According to Open Secrets, the oil and gas industry has already spent $37.6 million lobbying the federal government in the first few months of the year alone. They also spend buckets of money on campaign contributions to persuade our elected officials to vote for policies they favor. A recent vote in the Senate revealed just how persuasive campaign cash can be. A bid to end taxpayer subsidies for the five biggest oil companies failed to get the 60 votes it needed. The 57 senators who voted to end the subsidies received about $6 million from the oil and gas industries, compared to a whopping $24 million pocketed by the 41 senators who voted against the bill.
No wonder America is so slow to move to elementary conservation methods and sustainable energy production. This is not a new story, of course, but a continuation of legalized bribery that infests the entire electoral system. Even worse, this is a system that severely punishes representatives who do the right thing.
Our energy system is inefficient, disconnected, aging, dirty and insecure. In this TED talk, Lovins argues that we can become frugal with our energy, eliminating our addiction to oil and coal by 2050, in addition to using 1/3 less natural gas. This talk is based on ideas presented by his book, Reinventing Fire, and his website.
This could cost $5 trillion less than business as usual, assuming external costs of business as usual is zero (which he wryly terms a “conservative” estimate). His approach requires no new inventions, no act of Congress and no subsidies, and it will increase the U.S. economy to 158% of the present.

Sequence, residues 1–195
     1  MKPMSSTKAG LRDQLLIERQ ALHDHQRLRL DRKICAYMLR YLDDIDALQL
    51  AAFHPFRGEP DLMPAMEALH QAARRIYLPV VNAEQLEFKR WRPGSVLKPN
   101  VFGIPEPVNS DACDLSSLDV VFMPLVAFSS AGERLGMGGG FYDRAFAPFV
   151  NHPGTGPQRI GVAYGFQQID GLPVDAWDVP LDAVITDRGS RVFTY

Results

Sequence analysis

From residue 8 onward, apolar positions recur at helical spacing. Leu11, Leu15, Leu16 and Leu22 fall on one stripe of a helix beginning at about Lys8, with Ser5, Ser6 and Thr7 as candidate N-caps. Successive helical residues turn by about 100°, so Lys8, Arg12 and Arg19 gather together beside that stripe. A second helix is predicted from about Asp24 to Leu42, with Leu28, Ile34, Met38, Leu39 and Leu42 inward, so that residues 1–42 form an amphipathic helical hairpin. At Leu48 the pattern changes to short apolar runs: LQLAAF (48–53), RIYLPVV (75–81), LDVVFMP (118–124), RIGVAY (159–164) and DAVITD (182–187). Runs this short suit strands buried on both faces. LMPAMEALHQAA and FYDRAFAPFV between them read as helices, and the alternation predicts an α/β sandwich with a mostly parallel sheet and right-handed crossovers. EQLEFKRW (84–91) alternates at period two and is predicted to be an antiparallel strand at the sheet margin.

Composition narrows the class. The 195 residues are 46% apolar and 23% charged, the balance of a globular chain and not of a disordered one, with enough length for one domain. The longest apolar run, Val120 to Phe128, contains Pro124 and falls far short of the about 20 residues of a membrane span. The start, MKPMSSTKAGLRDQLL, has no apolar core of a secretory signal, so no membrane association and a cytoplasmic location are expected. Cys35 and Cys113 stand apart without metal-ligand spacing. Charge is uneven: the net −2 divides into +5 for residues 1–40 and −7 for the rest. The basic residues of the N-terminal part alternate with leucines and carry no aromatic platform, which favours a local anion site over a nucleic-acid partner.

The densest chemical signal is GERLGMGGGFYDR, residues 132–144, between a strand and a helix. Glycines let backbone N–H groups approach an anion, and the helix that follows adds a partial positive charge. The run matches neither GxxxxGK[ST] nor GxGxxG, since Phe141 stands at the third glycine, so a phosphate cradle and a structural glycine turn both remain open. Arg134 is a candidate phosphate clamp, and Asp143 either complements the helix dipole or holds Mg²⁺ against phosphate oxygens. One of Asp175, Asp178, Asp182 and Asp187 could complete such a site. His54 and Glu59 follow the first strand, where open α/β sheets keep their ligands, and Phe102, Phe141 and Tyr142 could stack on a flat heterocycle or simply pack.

Our addiction to oil costs us $2B per day in direct costs and $4B in indirect costs, such as the U.S. military. This amounts to 1/6 of GDP. Lovins opened his talk by noting that 80% of the energy we use every year comes from burning four cubic miles of primordial swamp goo.
How can we reduce the use of oil? Make cars “oil free.” Cars use 3/5 of this amount. 2/3 of the energy caused to move a car is attributed to its weight, but over the past 25 years, our cars have become “obese.” We have the ability to make lighter and “more slippery” autos, which makes electricity an excellent way to move cars. Lovins asserts that we have the technologies to make the cars much lighter. America could lead this revolution, though Germany is currently in the lead. If this technology were prevalent, it would be the equivalent of finding 1 1/2 Saudi Arabias worth of oil.
He proposes that we save electricity and make it differently. Most electricity now is wasted. Buildings now use 3/4 of our electricity. That offers a tremendous opportunity for savings through “integrative design.” (min 14). One way of doing this is via “2010 retrofit.” Industry still has $1/2 trillion of saving to reap. Pumps can be made much more efficient by using larger straighter pipes instead of narrower winding pipes. (Min 16). Needing less electricity means we can make it more easily. China is leading the way currently. Solar panels are an excellent way to make the shift. Wind and solar constitute half of the new capacity of electricity. (19).
How can we replace coal-fired electricity? Natural gas is one option. A grid using wind and solar can be a substantial part of the grid, much like it is in Europe. (21) The U.S. grid is old, over-centralized and vulnerable, and it will need to be replaced by 2050.
In 34 states, utilities are rewarded for selling us more electricity. Where they are rewarded for cutting our bills, investments are shifting to renewables. (22).
Lovins’ approach to “reinventing fire” asserts that our energy future is a matter of choice, not fate. He recognizes that these facts and numbers seem incredible, but they are true. A bonus would be an 86% reduction in greenhouse gases, in addition to a much more secure energy supply. He describes his approach as a “once-in-a-civilization business opportunity.”